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SHM in electric fields

  • #1

Homework Statement


A charge +q of mass m is free to move along the x axis. It is in equilibrium at the origin, midway between a pair of identical point charges, +Q, located on the x axis at x = +b and x = -b. The charge at the origin is displaced a small distance x << a and released. Show that it can undergo simple harmonic motion with an angular frequency

omega=(4kqQ/(mb^3))^(1/2)

Homework Equations


E=ke(q/r2)
(1+c)n is approximately equal to 1+nc

a=x(omega)^2


The Attempt at a Solution



Well, I'm not really asking for a solution per se. I get the question, got the correct answer, how it was done; what I want to know is why my method is wrong.

I got it by first using Coulomb's law to set up a force comparison, between the point-charge in the origin, and one of the point charges next to it. So...

F=kqQ/b2=ma

Where I substituted a for x(omega)^2.

Solving for omega got me close to the correct answer, but my TA could not explain why my method was wrong...so I'm curious why.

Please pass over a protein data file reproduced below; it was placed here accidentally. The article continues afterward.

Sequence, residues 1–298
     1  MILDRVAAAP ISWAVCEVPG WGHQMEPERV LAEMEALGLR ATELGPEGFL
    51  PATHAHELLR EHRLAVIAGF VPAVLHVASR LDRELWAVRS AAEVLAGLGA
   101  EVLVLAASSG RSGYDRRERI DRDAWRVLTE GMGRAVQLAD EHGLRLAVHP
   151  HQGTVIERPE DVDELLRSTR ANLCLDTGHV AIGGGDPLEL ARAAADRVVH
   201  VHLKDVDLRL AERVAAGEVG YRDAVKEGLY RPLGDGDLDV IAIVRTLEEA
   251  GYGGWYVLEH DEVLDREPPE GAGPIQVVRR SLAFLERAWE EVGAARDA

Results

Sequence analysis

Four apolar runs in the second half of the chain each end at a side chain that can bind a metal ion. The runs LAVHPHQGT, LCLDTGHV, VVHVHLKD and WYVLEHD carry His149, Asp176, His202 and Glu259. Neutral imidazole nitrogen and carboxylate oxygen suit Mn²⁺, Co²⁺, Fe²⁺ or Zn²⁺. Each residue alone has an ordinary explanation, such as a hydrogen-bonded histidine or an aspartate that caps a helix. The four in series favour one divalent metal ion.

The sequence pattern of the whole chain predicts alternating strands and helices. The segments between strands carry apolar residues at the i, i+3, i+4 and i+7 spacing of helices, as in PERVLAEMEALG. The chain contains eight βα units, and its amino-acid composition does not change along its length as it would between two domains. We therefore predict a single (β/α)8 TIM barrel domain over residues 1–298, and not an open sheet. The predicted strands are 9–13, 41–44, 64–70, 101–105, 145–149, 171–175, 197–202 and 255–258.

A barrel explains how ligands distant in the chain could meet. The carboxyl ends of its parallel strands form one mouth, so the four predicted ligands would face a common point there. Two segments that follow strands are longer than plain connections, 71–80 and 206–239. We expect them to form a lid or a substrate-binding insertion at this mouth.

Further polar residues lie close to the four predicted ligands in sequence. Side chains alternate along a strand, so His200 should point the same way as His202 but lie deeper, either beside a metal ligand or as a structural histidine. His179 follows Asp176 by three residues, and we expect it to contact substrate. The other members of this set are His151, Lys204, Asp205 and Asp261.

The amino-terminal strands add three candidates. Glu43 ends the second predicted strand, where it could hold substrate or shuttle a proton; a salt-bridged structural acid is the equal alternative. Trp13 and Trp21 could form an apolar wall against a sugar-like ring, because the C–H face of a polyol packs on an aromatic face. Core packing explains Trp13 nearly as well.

My answer was omega=(kqQ/(mb^3))^(1/2)

Any takers?
 

Answers and Replies

  • #2
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I got it by first using Coulomb's law to set up a force comparison, between the point-charge in the origin, and one of the point charges next to it. So...
The charge is in equilibrium at the origin, the forces of repulsion due to two other charges cancel out. You cannot compare with only one other charge. The force on it is due to the other 2 charges.
 

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